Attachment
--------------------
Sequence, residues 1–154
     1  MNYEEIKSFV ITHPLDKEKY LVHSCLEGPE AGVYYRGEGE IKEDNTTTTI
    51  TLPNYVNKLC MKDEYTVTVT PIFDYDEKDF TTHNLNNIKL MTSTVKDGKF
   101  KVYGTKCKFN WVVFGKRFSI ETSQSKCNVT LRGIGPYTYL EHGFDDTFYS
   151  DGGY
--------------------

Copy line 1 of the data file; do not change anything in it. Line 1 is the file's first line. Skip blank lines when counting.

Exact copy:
Sequence, residues 1–154